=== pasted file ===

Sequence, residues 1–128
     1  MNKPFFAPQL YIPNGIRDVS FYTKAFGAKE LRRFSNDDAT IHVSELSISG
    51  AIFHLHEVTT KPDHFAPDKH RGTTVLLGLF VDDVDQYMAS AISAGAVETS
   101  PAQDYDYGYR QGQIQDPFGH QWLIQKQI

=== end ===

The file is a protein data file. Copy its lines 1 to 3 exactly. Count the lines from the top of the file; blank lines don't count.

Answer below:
Sequence, residues 1–128
     1  MNKPFFAPQL YIPNGIRDVS FYTKAFGAKE LRRFSNDDAT IHVSELSISG
    51  AIFHLHEVTT KPDHFAPDKH RGTTVLLGLF VDDVDQYMAS AISAGAVETS